Amber Michelle (myaru) wrote,
Amber Michelle

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FE: I'm having a crisis of characterization.

Okay, let's be blunt - this is a fangirl post. It's also about characterization, but it's fangirly at heart because it's about Sephiran, and somehow every conversation I have about fic or FE comes back to him, so you know I have it bad. Can I just take this chance to say that it's not my fault, and I didn't want this, and I was all ready to be like every other fangirl and lust after Soren? But no. No, I had to develop a thing for one of the prettiest pretty men in the game, which is just so TYPICAL god. WHY ME. It's like I have an immortal!angst radar.

And then I had to go and ship the worst possible pairing in the Tellius fandom. Nobody writes it. (Well, now they do, but only at my request.)

So anyway. Characterization. This is long. Also, SPOILERS.

There's one assumption I always make in fic about Lehran, whether it involves romance or not: he didn't want certain people to die. Zelgius, Micaiah, Sanaki, and the herons were immune to his DIEDIEDIE dream. In a more passive way he probably regretted children and other innocents who were judged. He's not actually hostile. He has to be the strangest villain I've come across.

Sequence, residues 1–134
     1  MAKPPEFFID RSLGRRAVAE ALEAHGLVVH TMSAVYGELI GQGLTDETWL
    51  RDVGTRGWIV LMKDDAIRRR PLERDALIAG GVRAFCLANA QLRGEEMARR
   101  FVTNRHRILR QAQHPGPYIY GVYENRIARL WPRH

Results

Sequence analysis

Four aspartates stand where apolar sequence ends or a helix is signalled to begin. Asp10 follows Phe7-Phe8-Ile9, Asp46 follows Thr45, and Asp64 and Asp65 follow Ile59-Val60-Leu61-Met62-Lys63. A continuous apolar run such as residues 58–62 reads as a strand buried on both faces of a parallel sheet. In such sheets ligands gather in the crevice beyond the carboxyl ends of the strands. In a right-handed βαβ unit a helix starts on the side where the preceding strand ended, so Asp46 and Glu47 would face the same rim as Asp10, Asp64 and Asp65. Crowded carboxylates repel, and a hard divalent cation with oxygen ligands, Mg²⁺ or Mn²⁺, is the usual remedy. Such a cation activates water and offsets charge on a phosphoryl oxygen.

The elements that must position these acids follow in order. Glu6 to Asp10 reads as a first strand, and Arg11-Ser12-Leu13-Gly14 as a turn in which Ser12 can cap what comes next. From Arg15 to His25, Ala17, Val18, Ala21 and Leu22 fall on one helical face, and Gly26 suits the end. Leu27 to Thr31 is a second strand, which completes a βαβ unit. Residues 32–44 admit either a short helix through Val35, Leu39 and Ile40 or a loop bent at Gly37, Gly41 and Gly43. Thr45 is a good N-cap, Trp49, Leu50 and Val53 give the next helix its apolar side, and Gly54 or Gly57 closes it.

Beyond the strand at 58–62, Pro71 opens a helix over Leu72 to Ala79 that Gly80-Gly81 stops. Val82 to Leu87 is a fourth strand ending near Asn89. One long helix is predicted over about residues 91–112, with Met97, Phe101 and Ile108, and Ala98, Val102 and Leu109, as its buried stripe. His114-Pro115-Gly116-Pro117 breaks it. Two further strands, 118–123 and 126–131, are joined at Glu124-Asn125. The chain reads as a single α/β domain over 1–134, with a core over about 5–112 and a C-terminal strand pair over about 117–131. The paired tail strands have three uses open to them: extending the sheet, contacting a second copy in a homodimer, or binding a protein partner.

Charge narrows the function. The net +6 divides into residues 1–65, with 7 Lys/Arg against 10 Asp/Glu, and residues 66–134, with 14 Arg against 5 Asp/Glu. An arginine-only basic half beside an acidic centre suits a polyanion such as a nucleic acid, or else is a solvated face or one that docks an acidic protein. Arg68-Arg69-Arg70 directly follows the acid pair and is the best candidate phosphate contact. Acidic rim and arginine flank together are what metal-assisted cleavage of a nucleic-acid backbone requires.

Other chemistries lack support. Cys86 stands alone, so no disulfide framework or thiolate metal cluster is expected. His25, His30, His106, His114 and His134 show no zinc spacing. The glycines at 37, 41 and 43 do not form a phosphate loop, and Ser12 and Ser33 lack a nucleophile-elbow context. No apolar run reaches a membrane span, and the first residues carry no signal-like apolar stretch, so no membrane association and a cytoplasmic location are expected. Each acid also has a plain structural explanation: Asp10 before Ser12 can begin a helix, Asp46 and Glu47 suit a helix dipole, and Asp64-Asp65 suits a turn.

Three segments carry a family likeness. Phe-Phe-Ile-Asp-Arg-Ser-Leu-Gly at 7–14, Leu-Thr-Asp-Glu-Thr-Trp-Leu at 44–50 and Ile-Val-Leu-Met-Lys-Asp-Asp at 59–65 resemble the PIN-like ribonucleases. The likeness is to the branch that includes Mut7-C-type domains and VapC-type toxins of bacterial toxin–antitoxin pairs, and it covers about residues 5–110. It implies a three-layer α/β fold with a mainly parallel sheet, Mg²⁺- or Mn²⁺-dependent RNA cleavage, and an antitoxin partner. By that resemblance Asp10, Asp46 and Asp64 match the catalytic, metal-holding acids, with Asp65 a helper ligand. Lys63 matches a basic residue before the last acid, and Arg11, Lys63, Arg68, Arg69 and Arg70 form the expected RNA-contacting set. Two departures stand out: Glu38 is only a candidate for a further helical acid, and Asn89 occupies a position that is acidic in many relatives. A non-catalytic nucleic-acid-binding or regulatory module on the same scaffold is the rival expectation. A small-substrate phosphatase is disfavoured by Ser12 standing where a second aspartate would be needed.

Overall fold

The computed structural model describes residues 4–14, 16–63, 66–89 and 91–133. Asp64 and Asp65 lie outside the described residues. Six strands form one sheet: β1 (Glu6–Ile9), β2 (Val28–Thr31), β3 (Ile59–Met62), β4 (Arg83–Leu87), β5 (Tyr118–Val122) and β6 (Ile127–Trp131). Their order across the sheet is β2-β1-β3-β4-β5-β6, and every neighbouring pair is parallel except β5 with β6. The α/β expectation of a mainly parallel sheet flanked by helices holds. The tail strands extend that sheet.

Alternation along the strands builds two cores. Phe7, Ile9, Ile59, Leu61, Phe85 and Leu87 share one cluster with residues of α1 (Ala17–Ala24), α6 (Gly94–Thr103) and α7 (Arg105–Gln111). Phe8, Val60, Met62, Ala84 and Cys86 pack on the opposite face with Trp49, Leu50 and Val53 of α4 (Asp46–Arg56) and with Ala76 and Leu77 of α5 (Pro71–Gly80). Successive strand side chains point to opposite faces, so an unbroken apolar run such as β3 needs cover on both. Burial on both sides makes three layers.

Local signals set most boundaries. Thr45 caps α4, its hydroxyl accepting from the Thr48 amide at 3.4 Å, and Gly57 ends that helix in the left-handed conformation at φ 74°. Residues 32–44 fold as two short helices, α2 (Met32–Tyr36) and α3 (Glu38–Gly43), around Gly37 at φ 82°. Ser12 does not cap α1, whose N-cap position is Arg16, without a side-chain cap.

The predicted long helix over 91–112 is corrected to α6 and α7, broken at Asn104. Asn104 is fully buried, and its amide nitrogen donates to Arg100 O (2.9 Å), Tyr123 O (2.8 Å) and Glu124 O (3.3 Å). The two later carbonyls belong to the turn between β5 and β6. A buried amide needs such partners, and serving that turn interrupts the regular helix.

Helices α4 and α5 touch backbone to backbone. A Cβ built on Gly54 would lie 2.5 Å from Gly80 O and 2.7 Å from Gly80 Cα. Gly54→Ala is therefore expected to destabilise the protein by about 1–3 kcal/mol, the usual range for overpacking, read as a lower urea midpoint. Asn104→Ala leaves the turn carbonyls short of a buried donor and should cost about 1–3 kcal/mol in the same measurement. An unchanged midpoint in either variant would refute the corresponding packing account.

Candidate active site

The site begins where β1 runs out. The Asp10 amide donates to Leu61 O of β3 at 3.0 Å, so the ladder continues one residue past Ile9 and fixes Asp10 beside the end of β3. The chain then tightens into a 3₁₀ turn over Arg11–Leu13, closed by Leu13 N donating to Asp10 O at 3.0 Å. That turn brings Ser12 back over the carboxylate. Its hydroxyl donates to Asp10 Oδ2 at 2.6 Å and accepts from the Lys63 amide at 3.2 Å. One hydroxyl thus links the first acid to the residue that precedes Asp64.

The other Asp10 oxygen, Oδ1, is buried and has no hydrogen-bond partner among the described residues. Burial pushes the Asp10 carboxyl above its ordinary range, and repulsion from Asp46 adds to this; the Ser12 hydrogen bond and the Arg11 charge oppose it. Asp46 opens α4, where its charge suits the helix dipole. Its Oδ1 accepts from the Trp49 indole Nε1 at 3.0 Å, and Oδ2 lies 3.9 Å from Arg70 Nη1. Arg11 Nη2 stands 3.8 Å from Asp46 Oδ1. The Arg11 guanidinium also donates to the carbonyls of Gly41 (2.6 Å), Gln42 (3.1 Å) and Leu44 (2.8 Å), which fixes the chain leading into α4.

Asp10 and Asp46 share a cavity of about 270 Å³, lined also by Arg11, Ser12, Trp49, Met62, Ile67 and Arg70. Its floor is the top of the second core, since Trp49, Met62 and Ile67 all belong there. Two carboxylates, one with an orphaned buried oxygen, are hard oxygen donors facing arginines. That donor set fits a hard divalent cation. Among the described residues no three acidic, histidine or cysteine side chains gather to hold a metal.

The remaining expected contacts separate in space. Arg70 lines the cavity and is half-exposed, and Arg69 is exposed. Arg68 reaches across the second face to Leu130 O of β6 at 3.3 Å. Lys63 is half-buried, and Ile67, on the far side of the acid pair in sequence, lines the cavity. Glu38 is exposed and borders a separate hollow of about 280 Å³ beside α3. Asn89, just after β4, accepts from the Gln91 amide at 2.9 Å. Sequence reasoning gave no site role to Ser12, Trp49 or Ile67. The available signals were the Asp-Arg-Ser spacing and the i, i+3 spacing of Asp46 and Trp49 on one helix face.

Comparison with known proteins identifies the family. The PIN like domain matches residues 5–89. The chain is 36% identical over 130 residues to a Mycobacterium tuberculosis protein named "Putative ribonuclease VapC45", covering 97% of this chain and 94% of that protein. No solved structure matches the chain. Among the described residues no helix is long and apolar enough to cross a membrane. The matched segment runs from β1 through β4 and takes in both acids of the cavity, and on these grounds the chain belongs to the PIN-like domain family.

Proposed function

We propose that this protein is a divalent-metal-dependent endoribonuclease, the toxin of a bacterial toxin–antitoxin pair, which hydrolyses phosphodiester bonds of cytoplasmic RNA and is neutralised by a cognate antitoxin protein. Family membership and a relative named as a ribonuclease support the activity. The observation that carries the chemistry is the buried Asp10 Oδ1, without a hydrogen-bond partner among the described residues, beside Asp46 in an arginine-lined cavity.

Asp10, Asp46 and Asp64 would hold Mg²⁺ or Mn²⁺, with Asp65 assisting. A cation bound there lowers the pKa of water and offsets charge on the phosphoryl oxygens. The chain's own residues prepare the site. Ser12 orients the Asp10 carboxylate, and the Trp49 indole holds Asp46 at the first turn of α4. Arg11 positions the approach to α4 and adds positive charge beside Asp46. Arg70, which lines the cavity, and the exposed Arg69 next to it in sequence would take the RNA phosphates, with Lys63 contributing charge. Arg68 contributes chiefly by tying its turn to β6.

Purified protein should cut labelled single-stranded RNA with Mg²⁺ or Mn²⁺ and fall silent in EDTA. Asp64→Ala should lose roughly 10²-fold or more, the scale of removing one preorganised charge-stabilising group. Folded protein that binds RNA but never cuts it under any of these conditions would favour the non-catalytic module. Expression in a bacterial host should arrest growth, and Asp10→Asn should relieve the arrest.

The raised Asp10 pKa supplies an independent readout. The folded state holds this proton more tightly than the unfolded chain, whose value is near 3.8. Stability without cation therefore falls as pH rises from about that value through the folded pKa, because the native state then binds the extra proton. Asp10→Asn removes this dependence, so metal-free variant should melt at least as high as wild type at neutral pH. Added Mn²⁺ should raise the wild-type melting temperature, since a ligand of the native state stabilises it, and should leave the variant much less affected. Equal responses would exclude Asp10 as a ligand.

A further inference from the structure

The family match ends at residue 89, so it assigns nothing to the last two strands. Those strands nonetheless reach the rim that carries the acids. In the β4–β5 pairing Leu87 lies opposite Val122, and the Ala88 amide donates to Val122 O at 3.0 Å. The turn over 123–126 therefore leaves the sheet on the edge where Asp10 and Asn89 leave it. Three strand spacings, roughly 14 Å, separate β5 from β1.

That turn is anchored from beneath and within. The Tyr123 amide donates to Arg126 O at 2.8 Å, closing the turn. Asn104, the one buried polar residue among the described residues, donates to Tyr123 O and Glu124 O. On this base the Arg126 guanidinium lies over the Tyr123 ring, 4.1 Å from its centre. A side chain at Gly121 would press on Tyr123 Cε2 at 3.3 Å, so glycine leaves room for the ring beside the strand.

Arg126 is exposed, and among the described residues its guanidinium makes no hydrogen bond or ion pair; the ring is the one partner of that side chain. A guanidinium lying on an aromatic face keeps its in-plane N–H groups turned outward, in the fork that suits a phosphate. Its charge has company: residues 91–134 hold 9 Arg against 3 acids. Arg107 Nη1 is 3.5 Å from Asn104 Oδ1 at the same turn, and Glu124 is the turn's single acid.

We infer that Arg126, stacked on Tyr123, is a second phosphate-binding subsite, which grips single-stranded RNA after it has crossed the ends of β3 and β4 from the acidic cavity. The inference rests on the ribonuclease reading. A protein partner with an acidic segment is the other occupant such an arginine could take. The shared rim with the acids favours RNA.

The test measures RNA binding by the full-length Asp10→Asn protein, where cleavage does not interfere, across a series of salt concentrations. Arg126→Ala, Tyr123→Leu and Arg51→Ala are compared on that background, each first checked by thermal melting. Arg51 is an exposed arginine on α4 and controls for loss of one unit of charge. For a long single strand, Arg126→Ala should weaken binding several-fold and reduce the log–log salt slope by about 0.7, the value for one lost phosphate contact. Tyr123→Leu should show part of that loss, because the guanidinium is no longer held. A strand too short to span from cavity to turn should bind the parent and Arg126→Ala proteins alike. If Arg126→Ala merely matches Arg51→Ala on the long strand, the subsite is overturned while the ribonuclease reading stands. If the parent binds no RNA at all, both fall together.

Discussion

Zelgius approached Micaiah during chapter four with an offer to take her to the tower. These are the reasons that come to mind: she's one of Lehran's children, and she was Yune's vessel (may as well save Ashera the trouble of waiting). Sephiran's dialogue with her is regretful; he implies the events of the game might not have happened if they'd found her, and here I wonder if what he really meant is that finding a child Micaiah and making her sing the galdr of release would have saved the world a lot of pain and war. No matter how I turn it over in my head, I don't see how finding Micaiah would have changed his mind about the judgment. Having her on the throne wouldn't change the nature of the senate, or of the prejudice between the races. She could have ended it sooner, is all.